It is perhaps no coincidence that Peter V. Ueberroth was born on September 2, 1937, the same date that the founder of the modern Olympic Games, Pierre Baron de Coubertin passed away – for many credit Peter with saving the Olympic movement from the financial calamities of the 1970’s and the boycotts of the 1980’s.
Peter was born in Evanston, Illinois, but grew up in Sunnyvale, California, where he excelled in high school as an athlete, participating in football, baseball and swimming. Although he had never seen a game of water polo before attending college, he was recruited by Ed Rudloff to play at San Jose State University. He quickly fell in love with the game, became a star player and caught the spark of the Olympic Games when he participated in the 1956 Water Polo Olympic Trials.
After graduating with a business degree in 1959, he moved to Hawaii and at the age of 22, became a shareholder and Vice President of Trans International Airline. In 1963, he founded his first company, the First Travel Corporation, which by 1978 had 1,500 employees in 200 offices worldwide and was the second largest travel company in North America.
In 1979, when the Los Angeles Committee for the Olympic Games was looking for a person to take charge of the Games, a “head-hunting” firm suggested Peter Ueberroth. At first he declined, but pressed a second time changed his mind and the rest is history.
Under Ueberroth’s leadership and management, the first privately financed Olympic Games became the genesis for the current International and US Olympic sponsorship programs and recorded a surplus of nearly $240 million dollars. The unprecedented profits were used by Peter to endow the U.S. Olympic Committee, the Amateur Athletic Foundation of Los Angeles and each of the national governing bodies. For the operational, political and financial success of the Games, he was named 1984 Man of the Year by Time Magazine.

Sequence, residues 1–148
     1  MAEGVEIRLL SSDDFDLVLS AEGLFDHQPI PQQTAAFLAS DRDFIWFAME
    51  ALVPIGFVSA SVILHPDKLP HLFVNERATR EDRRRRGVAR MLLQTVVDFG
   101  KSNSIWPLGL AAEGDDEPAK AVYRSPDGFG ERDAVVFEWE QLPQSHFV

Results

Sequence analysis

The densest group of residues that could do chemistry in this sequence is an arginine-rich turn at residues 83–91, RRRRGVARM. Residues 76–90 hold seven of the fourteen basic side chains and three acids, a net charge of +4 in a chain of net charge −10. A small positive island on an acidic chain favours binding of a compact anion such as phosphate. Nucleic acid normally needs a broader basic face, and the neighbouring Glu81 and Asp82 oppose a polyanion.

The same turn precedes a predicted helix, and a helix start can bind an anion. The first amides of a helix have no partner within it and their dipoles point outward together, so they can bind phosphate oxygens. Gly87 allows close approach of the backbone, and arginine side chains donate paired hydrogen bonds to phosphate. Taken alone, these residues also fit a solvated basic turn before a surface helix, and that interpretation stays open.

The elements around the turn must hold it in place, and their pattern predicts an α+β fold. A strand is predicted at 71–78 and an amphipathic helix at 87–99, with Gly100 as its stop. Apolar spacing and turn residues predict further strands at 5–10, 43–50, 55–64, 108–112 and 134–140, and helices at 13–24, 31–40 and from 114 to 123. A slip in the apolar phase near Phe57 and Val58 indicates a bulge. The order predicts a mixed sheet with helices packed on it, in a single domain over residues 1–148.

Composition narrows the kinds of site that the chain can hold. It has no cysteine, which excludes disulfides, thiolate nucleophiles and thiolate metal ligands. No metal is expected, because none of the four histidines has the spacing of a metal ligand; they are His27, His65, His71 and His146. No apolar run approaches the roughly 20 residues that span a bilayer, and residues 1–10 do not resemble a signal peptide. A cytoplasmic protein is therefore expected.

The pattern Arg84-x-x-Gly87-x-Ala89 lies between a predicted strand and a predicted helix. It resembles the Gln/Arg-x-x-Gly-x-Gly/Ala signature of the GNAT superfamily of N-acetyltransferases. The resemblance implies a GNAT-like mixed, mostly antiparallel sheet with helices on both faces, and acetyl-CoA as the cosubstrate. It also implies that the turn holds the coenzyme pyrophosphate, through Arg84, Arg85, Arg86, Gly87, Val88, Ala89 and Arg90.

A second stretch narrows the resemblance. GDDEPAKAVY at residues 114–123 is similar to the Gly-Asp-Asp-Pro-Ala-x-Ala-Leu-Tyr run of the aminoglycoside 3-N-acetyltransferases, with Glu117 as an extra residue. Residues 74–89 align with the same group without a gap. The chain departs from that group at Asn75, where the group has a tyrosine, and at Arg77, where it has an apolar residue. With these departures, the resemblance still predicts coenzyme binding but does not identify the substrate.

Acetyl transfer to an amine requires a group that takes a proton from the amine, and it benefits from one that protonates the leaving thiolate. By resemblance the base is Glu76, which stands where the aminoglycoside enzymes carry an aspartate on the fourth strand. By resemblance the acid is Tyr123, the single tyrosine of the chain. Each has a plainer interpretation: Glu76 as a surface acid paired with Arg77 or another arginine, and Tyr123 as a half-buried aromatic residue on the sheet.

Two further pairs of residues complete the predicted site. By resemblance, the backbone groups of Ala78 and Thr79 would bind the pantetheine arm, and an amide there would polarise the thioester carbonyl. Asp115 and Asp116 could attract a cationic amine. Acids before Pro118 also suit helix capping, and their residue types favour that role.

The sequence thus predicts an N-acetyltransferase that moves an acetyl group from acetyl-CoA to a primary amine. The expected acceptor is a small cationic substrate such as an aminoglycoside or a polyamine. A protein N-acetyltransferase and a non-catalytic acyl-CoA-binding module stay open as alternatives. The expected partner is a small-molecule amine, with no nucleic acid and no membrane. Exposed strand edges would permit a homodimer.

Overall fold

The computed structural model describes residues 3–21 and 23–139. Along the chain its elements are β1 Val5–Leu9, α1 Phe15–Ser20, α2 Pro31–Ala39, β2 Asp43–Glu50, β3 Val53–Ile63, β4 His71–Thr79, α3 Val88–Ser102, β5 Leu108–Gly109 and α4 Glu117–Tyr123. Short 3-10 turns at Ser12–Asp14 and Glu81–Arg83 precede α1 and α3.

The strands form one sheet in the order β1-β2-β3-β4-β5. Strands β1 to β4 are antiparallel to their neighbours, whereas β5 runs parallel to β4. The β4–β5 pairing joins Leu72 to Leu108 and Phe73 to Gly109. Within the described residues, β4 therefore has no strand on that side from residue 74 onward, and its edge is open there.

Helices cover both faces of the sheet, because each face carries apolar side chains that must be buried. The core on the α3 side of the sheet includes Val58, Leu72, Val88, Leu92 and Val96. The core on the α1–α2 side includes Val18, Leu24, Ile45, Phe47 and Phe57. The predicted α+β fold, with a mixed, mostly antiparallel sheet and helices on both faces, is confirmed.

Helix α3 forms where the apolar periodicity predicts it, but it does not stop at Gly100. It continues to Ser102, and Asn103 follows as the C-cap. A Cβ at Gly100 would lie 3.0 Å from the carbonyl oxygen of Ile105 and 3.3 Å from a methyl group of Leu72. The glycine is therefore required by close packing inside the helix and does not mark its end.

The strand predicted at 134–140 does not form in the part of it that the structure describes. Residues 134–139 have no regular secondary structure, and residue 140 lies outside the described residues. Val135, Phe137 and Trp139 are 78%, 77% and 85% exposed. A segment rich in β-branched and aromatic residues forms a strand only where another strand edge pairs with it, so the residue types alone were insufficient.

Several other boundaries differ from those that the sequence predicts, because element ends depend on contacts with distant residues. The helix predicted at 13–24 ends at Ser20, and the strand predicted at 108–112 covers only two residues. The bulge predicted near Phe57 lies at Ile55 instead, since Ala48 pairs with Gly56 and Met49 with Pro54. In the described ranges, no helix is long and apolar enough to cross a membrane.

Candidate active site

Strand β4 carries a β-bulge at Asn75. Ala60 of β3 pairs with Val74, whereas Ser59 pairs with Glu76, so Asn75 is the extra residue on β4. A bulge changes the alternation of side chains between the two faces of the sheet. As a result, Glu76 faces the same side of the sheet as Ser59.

For the next five years he served as the Commissioner of Major League Baseball. When he began this assignment, 22 of the League’s teams were losing money. At the end of his term, all of the baseball teams were profitable.
With a proven track record of taking on a crisis and turning it into success, Peter was appointed by Mayor Tom Bradley and Governor Pete Wilson to lead the Rebuild LA Project in the aftermath of the 1992 Los Angeles riots.
In 2004, the Olympic movement called him back, to serve as Chairman of the Board of Directors of the United States Olympic Committee. Beset by financial mismanagement, poor international relations, ethics scandals and revolving door leadership, Peter restored financial accountability, credibility and respect to the USOC during his four-year term.
In addition to these examples of crisis management success stories, Peter currently leads successful ventures through his company the Contrarian Group which included the purchase of the Pebble Beach Company, bringing it back to U.S. ownership.
Peter and his wife, Ginny, have four children and eight grandchildren. They live in Laguna Beach.
Recipients of the Gold Medallion Award.